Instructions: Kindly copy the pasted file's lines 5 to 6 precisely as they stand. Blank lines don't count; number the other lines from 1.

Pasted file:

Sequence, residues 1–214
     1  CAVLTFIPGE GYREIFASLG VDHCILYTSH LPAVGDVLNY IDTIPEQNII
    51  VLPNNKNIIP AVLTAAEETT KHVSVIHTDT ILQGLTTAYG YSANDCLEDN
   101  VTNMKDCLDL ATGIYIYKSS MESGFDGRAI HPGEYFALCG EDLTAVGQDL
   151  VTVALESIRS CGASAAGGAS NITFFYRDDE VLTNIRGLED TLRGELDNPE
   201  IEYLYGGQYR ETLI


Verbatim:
   151  VTVALESIRS CGASAAGGAS NITFFYRDDE VLTNIRGLED TLRGELDNPE
   201  IEYLYGGQYR ETLI